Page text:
The mother of a 38-year-old Glendale man who was shot dead by police in January has filed a wrongful death claim against the city alleging officers used excessive force.
Vicky Gold is seeking $2 million in damages for the death of her son, Richard Hughes, who she claims was “delirious and was not a threat to officers” when he was shot Jan. 5 in the 1700 block of Riverside Drive, according to her claim. Hughes reportedly was holding a knife and ignored several demands before he was shot.
“He was a human being,” she said in an interview. “He was crying for help.”
The city has denied Gold’s claim, according to city spokesman Tom Lorenz.
The Police Department’s Internal Affairs unit and the Los Angeles County district attorney’s office conducted separate investigations of the shooting and determined the officer who shot Hughes acted in lawful self-defense.
“The fact is that we have the whole thing on video tape,” Lorenz said, adding that the dashboard camera in the officer’s patrol car recorded the incident.
The day of the incident, Gold said her son took
used to treat sleep problems, before his girlfriend called paramedics. That upset Hughes, Gold said, because he didn’t want to go to a mental hospital again.
Soon after his girlfriend reported Hughes had overdosed, Glendale police arrived in an alley near Riverside Drive, where they heard screaming and items breaking, according to a district attorney’s report on the shooting.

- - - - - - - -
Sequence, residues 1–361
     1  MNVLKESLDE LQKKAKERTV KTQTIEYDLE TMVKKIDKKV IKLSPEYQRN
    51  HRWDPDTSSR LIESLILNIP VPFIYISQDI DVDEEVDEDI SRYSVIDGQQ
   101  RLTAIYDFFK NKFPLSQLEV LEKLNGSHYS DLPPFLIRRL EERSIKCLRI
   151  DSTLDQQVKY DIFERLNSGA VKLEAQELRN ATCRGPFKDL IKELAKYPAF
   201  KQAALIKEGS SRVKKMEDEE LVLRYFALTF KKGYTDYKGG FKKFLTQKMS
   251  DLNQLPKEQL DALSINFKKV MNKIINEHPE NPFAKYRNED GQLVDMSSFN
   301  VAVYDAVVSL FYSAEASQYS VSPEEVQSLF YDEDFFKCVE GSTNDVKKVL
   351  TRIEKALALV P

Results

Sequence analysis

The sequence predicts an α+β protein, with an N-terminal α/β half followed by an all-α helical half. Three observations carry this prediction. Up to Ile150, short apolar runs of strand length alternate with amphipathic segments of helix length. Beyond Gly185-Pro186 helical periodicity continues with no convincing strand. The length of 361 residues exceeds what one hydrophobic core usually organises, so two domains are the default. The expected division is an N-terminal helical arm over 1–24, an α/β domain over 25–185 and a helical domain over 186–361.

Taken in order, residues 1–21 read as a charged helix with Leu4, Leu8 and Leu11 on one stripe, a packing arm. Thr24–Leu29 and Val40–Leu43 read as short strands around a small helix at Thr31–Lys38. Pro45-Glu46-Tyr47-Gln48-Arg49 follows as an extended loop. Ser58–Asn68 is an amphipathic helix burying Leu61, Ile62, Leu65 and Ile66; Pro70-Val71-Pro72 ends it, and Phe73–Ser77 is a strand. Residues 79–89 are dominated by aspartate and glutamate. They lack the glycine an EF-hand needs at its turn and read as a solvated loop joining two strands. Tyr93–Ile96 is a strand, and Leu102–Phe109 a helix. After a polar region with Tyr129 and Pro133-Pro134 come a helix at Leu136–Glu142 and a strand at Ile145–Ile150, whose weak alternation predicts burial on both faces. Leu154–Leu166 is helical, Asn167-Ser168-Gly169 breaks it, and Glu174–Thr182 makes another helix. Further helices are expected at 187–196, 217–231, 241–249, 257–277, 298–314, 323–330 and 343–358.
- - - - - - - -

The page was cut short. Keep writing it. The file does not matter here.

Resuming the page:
Hughes then reportedly stuck his head out a window and urged police to use him for target practice.
A short time later, Hughes emerged from his home holding a knife and came within what police described as striking distance, according to the report. Police ordered him several times to drop the knife, and when he refused, an officer fired one round into Hughes’ chest.
Police found two knives next to Hughes, who died at the hospital from the gunshot wound.
Hughes was going through a rough patch in his life at the time, Gold said. He had recently lost his job, broke up with his girlfriend and suffered from
for which he took antidepressants, she said. He had also attempted suicide a year earlier, she added.
According to the district attorney’s report, Hughes told his girlfriend two days before the shooting that he would make police shoot him.
During the incident, he sent an email that stated, “Cops are here ia m (sic) making them shoot me. I loved you … but it's too late. I never mattered to you … today I die. I DIE NOW,” according to the report.
Two days after the shooting, Gold said a friend called and told her that her son was dead.
“He was a good man,” she said of her son.